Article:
Oscar…carrying the water for a quarter of a mile? Ohhhh Lordy. You lived in the country, right?

  • Lee Ambrose

    Love it, Betty!
    I love the smell of sheets air dried on the clothesline and would gladly use one if only I was “allowed” to put one up here at the apt complex!

    Thanks for the reminders on the list – I remember being taught those things at a very early age. And it is true, neighbors knew one another not only by what hung on the line but by the conversations that went on across the fence as the clothes were hung out to dry each Monday morning!

  • Sandi Corbitt-Sears

    Heavens! I learned from reading your list of “do’s and do nots” that I made a lot of mistakes when I hung the clothes on the line as a kid. But you need to add one: check for wasps before removing an item. I came too close to getting stung once, so I never forgot that rule again!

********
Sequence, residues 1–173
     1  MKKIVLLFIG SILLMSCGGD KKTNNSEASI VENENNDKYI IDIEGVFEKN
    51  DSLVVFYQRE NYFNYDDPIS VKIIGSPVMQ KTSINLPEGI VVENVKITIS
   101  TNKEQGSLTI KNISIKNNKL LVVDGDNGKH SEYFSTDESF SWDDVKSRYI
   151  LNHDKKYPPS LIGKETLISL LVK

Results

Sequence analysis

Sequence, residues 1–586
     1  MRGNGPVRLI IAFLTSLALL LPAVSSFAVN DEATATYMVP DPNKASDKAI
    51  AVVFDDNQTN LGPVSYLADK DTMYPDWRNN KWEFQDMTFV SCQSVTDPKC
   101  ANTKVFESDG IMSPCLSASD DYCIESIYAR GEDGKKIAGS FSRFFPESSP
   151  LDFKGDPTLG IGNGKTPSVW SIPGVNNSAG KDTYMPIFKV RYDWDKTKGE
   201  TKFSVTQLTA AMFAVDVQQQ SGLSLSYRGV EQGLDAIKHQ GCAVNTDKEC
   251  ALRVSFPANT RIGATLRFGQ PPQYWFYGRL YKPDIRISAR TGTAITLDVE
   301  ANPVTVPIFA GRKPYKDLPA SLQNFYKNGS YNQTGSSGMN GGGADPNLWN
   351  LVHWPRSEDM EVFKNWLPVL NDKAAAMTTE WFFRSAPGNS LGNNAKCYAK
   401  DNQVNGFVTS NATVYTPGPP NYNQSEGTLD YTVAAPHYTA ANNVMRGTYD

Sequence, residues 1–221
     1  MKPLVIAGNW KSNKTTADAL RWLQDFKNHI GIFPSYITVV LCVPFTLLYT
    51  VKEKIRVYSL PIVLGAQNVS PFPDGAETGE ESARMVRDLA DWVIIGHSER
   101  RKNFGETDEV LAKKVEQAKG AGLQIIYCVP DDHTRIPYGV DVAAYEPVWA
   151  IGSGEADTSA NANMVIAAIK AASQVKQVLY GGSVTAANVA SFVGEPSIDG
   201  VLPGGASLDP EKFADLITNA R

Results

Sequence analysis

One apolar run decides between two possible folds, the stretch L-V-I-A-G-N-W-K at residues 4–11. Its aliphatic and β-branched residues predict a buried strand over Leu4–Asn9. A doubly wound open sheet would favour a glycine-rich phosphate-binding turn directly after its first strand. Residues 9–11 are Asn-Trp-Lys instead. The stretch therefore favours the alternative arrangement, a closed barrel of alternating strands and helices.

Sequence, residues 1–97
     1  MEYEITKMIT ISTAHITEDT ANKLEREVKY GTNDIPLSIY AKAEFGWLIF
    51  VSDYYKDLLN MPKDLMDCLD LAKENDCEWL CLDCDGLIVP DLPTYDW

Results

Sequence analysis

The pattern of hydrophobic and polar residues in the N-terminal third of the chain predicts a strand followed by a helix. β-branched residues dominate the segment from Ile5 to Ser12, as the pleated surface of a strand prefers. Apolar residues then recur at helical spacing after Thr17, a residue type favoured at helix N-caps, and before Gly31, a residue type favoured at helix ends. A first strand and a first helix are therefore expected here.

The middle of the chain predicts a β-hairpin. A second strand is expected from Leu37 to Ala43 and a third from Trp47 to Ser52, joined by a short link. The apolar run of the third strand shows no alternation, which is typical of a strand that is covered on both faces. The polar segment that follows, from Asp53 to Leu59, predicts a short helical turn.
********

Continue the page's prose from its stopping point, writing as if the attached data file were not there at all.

• http://www.bettyauchrd.com Betty Auchard

    Sandi, another one I forgot about was how hard it was to handle frozen laundry in the winter time. Even though the clothes freeze-dried on the line, we still had to drape things all over the house until they were dry. Whenever that happened, I remember how it changed the acoustics in the house. Everything sounded muffled and oddly cozy.

  • Anita Rowe

    When I was a kid, we lived in this tiny little house outside of town. I honestly don’t remember if we had a dryer in that house, because Mom always hung the clothes out…or had me do it. The house was also heated by a huge wood stove in the kitchen. In the winter, we’d freeze-dry the clothes on the line, then hang them in the kitchen to finish drying. It made the house smell SO good! Winter is my favorite season, and I attribute this memory, and many others like it, as the reason. Hmm. Maybe I’ll put up a clothesline come next spring. After reading your post, I kinda miss it. :)